The fruits of suffering. The first fruit to be borne is Jesusí humanity: "And for this God raised him high, and gave him the name which is above all other names" (second reading). In other words, his humanity came back to life, to a new life, and the Father glorified his humanity by making it participate in Godís very life. The second fruit that the texts indicate to us is the salvation obtained through the love that suffers even the heroism of death on a cross. This suffering love saves the thief that begs for mercy; this love culminates in a striking cry and saves the centurion who recognizes the Son of God in the crucified man. Jesusí suffering saved Peter who, right after disowning him, burst into tears like a child. Peter, the centurion and the good thief are symbols of humanity that, in spite of everything, is touched by Christ the savior.



An "accompanied loneliness". In contemporary society many people live lonely lives and feel the loneliness like a heavy stone weighing upon them: the elderly who feel lonely, perhaps abandoned by their own families, orphans and children abandoned by their parents on the doorstep of a hospital or at the entrance of a church, beggars who do not have a family or a roof over their heads, young people who live "alone" and often experience with anguish the first problems of their existence, such as the lack of meaning, joblessness, anxiety for the future, the fleeting and deceitful escape provided by drugs, sex, alcohol... Then there is the loneliness of immigrants, uprooted from their cultural traditions, their country and family, and often mistreated. These people are on their own, but not out of their own free will. These, and all others who live in our environment, must find in Christians good and sincere company, a fraternal welcome, effective help, an open and even controversial solidarity, a truly heartfelt compassion. These people who are compelled to be on their own should also know that Jesus Christ walks with them in their loneliness and in a certain way experiences and shares loneliness with them. Not only that; Christ also takes up and redeems their loneliness with the loneliness he himself suffered during his Passion and death on the Cross. In his atrocious loneliness, Christ knew that the Father was mysteriously by his side. So was his mother Mary and the holy women... In the midst of the most merciless loneliness, people need to know that someone is next to them and prays for them, that there is Someone by their side.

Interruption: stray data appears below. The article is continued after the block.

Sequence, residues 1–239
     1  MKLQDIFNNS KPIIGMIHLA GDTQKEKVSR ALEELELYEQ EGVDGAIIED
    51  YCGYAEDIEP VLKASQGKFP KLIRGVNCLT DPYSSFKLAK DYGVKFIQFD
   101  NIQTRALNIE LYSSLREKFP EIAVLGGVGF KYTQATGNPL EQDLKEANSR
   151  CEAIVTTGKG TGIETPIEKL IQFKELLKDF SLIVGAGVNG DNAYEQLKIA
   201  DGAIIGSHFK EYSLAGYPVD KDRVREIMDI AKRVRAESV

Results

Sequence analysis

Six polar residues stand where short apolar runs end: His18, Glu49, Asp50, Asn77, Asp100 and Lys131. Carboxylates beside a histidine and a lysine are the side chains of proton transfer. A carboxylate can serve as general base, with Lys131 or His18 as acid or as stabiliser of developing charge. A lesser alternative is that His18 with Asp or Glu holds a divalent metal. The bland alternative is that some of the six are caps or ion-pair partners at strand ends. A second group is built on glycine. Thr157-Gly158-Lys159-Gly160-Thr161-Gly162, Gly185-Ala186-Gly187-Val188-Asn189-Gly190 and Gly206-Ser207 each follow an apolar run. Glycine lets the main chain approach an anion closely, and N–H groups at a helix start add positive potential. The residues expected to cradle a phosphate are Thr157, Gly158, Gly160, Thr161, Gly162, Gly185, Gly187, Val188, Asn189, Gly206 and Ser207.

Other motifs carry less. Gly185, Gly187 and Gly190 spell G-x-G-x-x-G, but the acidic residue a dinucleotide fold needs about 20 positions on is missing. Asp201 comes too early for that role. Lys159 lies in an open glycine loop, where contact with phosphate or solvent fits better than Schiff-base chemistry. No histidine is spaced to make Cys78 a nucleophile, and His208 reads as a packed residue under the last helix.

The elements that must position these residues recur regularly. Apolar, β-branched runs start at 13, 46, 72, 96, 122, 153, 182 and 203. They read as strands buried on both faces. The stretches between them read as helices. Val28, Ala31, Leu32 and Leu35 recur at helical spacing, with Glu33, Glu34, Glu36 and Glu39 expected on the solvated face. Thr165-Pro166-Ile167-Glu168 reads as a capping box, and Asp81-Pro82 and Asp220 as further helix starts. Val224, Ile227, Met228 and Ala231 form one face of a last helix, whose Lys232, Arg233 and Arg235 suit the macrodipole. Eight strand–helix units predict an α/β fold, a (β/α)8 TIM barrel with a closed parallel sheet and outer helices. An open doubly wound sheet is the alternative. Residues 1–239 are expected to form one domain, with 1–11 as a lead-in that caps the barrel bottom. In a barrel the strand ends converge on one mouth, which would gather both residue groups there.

Trust in pain. This is one of the most wonderful teachings that Jesus Christ leaves us with, like a flag atop Golgotha. No one has suffered like Jesus and no one has had as much trust as Jesus in the midst of cruel and merciless suffering. To those who believe, pain does not erase their trust. When you are in pain, how do you react? With anger against society, against your fate, against God himself? With weakness, to the point of being tempted by suicide or euthanasia? With stoic resignation in the face of the inevitable? Or with a trust that is mature, great, full of faith, bright before the future? Tell me how you suffer and I will tell you who you are. May Jesusí attitude of trust in his heavenly Father and in the future enlighten us Christians.



Holy THURSDAY 20th of April 2000

First: Ex 12:1-8.11-14; Second: 1 Cor 11:23-26; Gospel: Jn 13:1-15


"He loved them to the end" (Gospel). These words are the key to understanding the Word of God on this Holy Thursday. It is this love that the Israelites celebrate each year when they commemorate the feast of the Passover, when the Egyptian slaves were freed (first reading). Jesus showed this love in a supreme way in the washing of the feet (Gospel) and in the giving of himself in bread and wine, turned into his body and blood (second reading). This is the love that is repeated each time Christians gather to celebrate the Lordís supper (second reading).